There is, of course, an entirely different angle one might take on what has been happening in England — an angle one might expect a historian to favour. We might look back a couple of hundred years, to David Starkey’s own alleged area of expertise, and talk about apprentice riots in London, the kinds of riots the authorities frequently blamed on the theatres. One might then argue that Christopher Marlowe no more incited mass violence in 1592 than 50 Cent did in 2011 (or one might do a Starkey and argue the opposite, though I’m not sure he’d like the analogy much). Or one might look to the more recent past and ask exactly how different the current riots are from the intense violence of 1980s football hooligans. They’re focussed differently, they’re not as contained, or contained geographically more than socially, which makes them appear more threatening — but is the criminal energy, the unbridled anger, really that different?
Neither Tudor apprentices nor 20th-century hooligans were politically motivated, exactly, and neither are today’s rioters — but their actions, as reprehensible as they are, spring from deep-seated social problems, from a failure of the system to be as socially and politically inclusive as it ought to be. None of this is new, certainly not since the 1980s. “Mindless” violence, misdirected anger, an apparent fundamental disregard for the rule of law and that most English of virtues, decency — those have been core features of riots and uprisings for centuries. But the energy that fuels such events isn’t produced by cultural artefacts, by music, plays, novels, or video games, although all of them may spring from the same source and may give expression to the same sense of discontent. Latching onto angry songs that promote criminal acts, cheering villains on stage, going on a virtual rampage through Vice City — none of those things creates social unrest; if anything, indulging in such virtual trespasses is likely to contain actual violence. There is a connection between gangsta rap and street riots, to be sure, but it’s not a causal one.
* * *
To me, in some ways the most depressing part of this entire episode was what happened after I turned off the TV. I had just had the pleasure of watching a representative of what passes for the educated, the sophisticated, the clever spew total nonsense (even if merely essentialist rather than truly racist nonsense). And then I read Russell Brand’s column in The Guardian, in which an apparent moron, a notorious specimen of mass-culture depravity, a harbinger of a culture in decline manages to write largely coherently and in a heart-felt, principled, and even insightful fashion about the riots. I suppose I’d be OK with a scenario in which a bunch of scandal-courting comedians save the day after the supposed elites show just how entirely they’ve lost the plot, but I wish it hadn’t come to this.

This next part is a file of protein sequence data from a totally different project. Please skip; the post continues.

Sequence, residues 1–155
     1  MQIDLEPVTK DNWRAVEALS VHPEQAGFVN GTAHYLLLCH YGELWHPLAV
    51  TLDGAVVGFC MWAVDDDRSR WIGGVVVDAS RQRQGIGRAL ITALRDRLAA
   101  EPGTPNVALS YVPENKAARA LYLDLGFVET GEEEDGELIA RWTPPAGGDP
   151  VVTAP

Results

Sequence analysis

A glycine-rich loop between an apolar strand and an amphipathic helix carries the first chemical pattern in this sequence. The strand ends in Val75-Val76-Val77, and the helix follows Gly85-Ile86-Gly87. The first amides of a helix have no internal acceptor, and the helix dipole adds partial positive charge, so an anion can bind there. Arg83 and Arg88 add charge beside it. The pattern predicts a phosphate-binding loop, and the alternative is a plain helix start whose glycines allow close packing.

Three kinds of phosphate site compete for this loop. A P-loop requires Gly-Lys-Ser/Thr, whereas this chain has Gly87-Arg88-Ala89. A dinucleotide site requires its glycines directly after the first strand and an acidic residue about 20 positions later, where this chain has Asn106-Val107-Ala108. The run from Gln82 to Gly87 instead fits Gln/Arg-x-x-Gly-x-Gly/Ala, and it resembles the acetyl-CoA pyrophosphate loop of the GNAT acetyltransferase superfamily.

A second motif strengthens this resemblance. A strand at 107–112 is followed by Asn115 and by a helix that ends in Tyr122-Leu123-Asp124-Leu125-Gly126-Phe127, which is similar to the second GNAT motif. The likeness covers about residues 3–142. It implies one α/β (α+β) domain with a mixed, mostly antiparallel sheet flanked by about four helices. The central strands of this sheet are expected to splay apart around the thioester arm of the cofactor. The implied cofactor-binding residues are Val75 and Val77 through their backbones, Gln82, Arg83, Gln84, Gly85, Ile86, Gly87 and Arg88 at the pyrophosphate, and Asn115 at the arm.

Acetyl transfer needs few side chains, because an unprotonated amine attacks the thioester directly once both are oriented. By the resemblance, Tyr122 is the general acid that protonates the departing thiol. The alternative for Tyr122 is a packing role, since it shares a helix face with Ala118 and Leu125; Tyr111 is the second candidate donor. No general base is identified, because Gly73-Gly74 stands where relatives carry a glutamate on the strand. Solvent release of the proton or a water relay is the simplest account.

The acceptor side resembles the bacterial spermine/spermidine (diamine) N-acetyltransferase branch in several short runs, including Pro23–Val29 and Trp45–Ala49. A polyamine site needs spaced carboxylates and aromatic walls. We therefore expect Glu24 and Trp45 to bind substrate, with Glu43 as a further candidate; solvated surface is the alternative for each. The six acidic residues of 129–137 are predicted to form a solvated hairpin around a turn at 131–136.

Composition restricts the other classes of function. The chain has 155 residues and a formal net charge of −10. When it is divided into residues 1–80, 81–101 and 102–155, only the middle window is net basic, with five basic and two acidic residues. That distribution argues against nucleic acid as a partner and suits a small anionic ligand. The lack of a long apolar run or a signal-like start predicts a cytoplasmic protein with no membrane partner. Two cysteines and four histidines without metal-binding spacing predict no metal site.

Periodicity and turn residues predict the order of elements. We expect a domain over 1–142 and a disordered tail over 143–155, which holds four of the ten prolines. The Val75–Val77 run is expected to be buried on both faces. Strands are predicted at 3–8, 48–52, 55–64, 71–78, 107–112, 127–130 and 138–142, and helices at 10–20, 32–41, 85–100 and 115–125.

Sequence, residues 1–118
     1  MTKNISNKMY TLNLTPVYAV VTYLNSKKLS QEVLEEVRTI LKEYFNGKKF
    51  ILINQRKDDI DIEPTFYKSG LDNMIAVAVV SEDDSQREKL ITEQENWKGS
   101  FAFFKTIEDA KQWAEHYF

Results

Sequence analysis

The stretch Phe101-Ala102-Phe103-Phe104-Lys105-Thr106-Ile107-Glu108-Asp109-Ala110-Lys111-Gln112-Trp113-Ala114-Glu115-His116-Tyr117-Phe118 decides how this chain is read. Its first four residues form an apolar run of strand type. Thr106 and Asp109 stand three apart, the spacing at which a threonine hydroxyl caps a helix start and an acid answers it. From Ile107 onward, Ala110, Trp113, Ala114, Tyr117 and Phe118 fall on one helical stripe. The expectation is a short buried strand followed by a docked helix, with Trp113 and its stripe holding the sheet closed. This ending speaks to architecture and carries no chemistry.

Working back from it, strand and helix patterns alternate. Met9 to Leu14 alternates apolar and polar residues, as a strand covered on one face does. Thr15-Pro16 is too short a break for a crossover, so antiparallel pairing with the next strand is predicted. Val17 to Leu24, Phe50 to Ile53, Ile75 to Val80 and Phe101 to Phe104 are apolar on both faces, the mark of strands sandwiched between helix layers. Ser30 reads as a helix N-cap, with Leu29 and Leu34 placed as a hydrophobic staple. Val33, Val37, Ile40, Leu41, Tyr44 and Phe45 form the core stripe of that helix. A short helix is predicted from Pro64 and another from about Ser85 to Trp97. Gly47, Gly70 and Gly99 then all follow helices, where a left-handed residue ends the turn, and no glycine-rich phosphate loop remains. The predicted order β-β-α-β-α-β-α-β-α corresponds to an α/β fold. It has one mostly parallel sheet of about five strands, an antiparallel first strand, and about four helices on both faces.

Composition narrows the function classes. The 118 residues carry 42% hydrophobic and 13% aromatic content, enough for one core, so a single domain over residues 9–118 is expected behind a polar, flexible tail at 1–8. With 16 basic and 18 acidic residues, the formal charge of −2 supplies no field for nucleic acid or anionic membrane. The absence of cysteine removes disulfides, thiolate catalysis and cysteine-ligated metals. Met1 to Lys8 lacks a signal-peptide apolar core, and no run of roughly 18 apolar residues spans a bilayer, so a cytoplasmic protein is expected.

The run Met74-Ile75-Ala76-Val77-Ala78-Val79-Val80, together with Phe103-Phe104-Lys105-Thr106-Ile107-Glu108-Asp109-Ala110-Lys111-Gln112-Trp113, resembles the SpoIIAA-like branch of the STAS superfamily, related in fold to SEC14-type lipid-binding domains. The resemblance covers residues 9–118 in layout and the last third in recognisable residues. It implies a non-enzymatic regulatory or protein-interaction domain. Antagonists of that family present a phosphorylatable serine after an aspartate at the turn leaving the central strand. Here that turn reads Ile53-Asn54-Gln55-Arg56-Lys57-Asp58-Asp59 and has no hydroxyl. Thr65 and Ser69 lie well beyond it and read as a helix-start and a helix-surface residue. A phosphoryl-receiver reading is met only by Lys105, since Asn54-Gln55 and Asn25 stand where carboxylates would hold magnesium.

- Streetcar Named Desire (Tennessee Williams / Benedict Andrews, Young Vic, London, August 2014)
- Medea (Euripides/Ben Power/Carrie Cracknell, National Theatre, London, August 2014)
- The Nether (Jennifer Haley/Jeremy Herrin, Royal Court, London, August 2014)
- Ira Glass Can’t Relate to Shakespeare? Good.
- Where is the Theatre in Original Practice?
- Pinpan on Medea (Euripides/Ben Power/Carrie Cracknell, National Theatre, London, August 2014)
- Jerry Ferraccio on People Being Stupid About Shakesp… or Someone Else
- Brice Stratford on My Trouble with Practice-as-Research
- Bite Thumbnails on Where is the Theatre in Original Practice?
- Heather Sewell on Steven Moffat, Sherlock, and Neo-Victorian Sexism
Error: Twitter did not respond. Please wait a few minutes and refresh this page.
- August 2014
- July 2014
- May 2014
- April 2014
- March 2014
- February 2014
- January 2014
- November 2013
- October 2013
- September 2013
- August 2013
- July 2013
- May 2013
- April 2013
- March 2013
- January 2013
- December 2012
- November 2012
- October 2012
- September 2012
- August 2012
- July 2012
- April 2012
- March 2012
- February 2012
- January 2012
- December 2011
- November 2011
- October 2011
- September 2011
- August 2011
- July 2011
- June 2011
- May 2011
Holger Syme's work is licensed under a Creative Commons Attribution-NonCommercial 3.0 Unported License.
Images may be reused as long as their source is properly attributed in accordance with the Creative Commons License detailed above. Many of the photos here were taken at the Folger Shakespeare Library; please consult their policy on digital images as well.